Despite doubts about whether Park City Mountain Resort will be open this coming ski season, a deal last week ensured that the resort will be up and running when the snow falls this winter.
Park City Mountain Resort accepted an offer to sell the resort to Vail for $182.5 million, just days after it agreed to pay the bond that would allow it to open for another season.
“First and foremost, we are very pleased to bring a permanent end to this dispute and provide assurance to the guests and employees of PCMR … that they no longer have to worry about any disruption to the operation of the resort,” said Rob Katz, chairman and CEO of Vail Resorts, in a statement.
The issue arose when PCMR forgot to renew its lease back in 2011. Talisker, a luxury real estate company, took PCMR to court to evict it from the property, although PCMR owns the parking lots, buildings and water rights to make snow for the whole resort.
PCMR was in a lengthy litigation process with Talikser, trying to agree on what to do this winter season, and agreed to the $182.5 million cash buyout on Sept. 11, 2014, according to Ski Utah’s website.
Samuel Call, a 26-year-old BYU business student from Elizabeth, Colorado, frequents PCMR during the winter to ride the park.
“I go to PC because it’s a staple,” Call said. “I can always find at least 10 people to ride with when I’m there. It doesn’t matter so much about the condition of the snow; the park is always well taken care of at PC, and I love to ride park.”
Michael Dideir, a 23-year-old majoring in economics, said he wasn’t going to let anything get in his way for skiing at PCMR.
“If Park City wouldn’t have had a season this year, I would have bought a snowmobile and gone backcountry skiing this winter,” Dideir said. He said he lives across the street from the resort and often heads over during homework breaks to ski a few runs.
But the possible closure of PCMR for the 2014–2015 season would have affected more than just those coming to casually ski or snowboard. The PCMR terrain is used by ski and snowboard instructors completing certification, Olympians training for gold medals and those with disabilities who want to try a new sport.
Michael Gebhard, a neuroscience student from Grand Junction, Colorado, was planning on volunteering with the National Ability Center at PCMR this winter to help students learn how to ski.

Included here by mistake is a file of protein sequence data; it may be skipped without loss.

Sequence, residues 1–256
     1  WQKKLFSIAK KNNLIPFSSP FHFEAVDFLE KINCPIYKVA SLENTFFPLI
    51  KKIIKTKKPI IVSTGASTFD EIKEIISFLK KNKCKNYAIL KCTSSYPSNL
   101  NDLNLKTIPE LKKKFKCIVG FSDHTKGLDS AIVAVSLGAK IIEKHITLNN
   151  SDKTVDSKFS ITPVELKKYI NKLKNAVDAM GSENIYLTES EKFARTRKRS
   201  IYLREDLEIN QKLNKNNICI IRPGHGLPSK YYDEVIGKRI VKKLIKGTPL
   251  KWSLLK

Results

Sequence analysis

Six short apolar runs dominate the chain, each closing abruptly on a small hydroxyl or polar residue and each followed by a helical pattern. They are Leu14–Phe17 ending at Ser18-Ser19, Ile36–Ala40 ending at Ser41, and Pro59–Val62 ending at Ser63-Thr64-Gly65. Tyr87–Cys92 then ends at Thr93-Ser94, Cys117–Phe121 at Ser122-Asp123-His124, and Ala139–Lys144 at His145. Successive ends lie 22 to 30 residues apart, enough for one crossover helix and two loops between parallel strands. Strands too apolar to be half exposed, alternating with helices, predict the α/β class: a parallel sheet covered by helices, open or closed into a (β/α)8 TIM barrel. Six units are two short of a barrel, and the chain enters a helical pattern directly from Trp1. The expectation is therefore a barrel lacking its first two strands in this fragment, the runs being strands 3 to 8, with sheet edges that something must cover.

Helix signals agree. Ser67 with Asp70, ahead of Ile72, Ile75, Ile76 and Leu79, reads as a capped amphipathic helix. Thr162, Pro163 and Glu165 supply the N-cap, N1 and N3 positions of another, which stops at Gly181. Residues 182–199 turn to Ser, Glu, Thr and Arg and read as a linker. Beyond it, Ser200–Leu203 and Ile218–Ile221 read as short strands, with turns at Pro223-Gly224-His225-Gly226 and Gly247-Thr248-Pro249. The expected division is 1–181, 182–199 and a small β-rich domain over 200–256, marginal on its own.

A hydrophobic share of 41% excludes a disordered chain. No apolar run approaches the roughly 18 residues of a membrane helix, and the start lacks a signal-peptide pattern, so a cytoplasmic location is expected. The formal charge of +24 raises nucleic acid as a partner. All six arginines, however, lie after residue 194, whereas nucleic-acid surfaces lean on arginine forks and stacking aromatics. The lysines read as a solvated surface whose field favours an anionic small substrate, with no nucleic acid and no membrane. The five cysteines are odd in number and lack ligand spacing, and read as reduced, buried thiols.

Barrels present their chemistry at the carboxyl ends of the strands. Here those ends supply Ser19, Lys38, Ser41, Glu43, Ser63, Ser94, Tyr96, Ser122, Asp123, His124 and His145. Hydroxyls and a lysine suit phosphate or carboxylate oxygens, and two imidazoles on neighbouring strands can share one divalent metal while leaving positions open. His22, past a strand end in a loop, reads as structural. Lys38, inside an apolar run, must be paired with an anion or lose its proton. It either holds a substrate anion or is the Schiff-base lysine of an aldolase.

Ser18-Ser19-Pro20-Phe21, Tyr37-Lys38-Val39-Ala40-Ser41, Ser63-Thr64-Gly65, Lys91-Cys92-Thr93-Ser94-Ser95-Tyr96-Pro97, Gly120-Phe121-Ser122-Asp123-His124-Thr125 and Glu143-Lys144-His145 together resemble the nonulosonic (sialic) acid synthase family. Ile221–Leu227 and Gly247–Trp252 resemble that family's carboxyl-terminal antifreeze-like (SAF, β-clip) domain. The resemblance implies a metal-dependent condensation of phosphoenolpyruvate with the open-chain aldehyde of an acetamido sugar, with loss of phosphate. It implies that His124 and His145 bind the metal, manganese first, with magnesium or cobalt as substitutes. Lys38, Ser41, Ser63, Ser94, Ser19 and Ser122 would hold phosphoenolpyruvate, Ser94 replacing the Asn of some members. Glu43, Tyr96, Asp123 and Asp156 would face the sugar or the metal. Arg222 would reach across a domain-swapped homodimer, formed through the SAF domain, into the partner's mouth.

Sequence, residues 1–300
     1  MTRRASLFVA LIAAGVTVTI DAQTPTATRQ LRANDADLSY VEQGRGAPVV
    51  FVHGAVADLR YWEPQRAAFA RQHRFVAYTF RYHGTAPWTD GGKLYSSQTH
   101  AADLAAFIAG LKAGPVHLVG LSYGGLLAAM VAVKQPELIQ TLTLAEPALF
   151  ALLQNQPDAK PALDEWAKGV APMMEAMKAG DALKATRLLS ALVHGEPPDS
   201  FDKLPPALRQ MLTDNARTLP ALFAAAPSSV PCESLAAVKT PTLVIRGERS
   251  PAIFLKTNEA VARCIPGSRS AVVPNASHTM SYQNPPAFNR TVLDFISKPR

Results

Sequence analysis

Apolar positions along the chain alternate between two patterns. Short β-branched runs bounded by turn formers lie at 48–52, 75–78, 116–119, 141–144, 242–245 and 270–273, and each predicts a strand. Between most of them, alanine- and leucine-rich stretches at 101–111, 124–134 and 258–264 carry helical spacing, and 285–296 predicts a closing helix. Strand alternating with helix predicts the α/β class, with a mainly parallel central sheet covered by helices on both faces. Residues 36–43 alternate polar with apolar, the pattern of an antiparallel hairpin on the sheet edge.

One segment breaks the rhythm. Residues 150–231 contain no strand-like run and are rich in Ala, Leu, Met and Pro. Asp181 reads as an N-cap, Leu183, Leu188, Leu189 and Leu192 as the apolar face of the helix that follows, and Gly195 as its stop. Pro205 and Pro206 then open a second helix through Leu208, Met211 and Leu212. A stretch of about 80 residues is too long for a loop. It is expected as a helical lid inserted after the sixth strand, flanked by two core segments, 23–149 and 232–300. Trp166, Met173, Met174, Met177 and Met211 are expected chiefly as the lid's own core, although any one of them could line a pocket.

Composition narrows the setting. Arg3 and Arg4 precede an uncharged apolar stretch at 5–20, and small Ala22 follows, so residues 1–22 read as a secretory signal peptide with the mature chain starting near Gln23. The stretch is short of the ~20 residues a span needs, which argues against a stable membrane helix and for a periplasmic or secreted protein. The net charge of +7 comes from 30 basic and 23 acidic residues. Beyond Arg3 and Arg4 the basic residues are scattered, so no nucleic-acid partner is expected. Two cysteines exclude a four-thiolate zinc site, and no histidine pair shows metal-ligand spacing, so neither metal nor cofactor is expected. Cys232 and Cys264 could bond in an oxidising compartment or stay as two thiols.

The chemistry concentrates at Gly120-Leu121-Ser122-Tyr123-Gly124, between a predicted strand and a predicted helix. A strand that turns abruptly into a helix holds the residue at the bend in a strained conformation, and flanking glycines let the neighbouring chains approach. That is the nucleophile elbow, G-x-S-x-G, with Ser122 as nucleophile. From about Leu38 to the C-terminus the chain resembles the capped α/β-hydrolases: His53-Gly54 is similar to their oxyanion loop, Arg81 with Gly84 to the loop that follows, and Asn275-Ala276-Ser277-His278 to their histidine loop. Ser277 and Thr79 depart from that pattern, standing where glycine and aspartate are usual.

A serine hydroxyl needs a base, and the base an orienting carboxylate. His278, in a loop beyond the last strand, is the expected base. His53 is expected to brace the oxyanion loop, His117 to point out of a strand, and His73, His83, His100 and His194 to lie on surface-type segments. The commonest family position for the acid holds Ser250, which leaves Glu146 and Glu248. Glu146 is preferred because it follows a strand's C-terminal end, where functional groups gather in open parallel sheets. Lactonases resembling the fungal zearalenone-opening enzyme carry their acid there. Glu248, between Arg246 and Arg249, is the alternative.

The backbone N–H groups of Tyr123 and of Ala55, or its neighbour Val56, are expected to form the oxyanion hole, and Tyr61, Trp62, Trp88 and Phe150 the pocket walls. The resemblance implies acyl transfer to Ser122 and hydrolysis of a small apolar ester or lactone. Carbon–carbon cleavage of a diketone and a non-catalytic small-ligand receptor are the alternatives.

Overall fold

“A friend and I have received four hours of training already to become an assistant, and we are excited to volunteer with the National Ability Center once a week this winter,” Gebhard said. “I would have been super disappointed if they did close. I found out about the group in April, and talking with parents of those who children are enrolled in the program is wonderful.”
Gebhard would have had to travel to Snowbird in order to participate with the National Ability Center if PCMR didn’t have a winter season, something he said would have been more of a hassle.
Some, like Call, predicted the outcome of the dispute.
“All in all, I frankly I think that if Vail takes over it’ll be good,” Call said before the deal was announced. “I’m from Colorado, and I get the epic local pass. In Utah it isn’t the same, (with) one pass, one resort. I’m livid about that. I would love for Vail to have Canyons and PCMR.”
Now Call’s dream will come true. With the recent purchase by Vail, Park City will be included in the Epic Pass, which includes unlimited access to 12 ski resorts nationwide, including Vail, Beaver Creek, Breckenridge, Keystone, Canyons, Heavenly, Northstar, Kirkwood, Afton Alps, Mt. Brighton, Aparhoe Basin and now Park City. The pass sells for $749 for adults and $389 for children.
Additionally, Utah’s One Wasatch plan might become a reality. The proposed plan would connect seven Utah ski resorts with just one pass and line of ski lifts. Skiers could start their day at Snowbird Resort and make their way through all the resorts, eventually ending at Deer Valley. All that stands between One Wasatch from becoming a reality is public support and four added ski lifts.
Brandon Hellburg, a senior studying exercise science, was confident that PCMR would still have a winter season and already bought a season pass before the dispute was settled.
“I was confident that the demand for skiing at Park City would outweigh anybody’s ideas of closing or not providing a winter season,” Hellburg said. “Park City is globally renowned. Everybody knows where it is and what it stands for: skiing. It’s too much of a moneymaker. Where would all the skiers go? I met some Italians who came all the way to Utah just to ski at Park City.”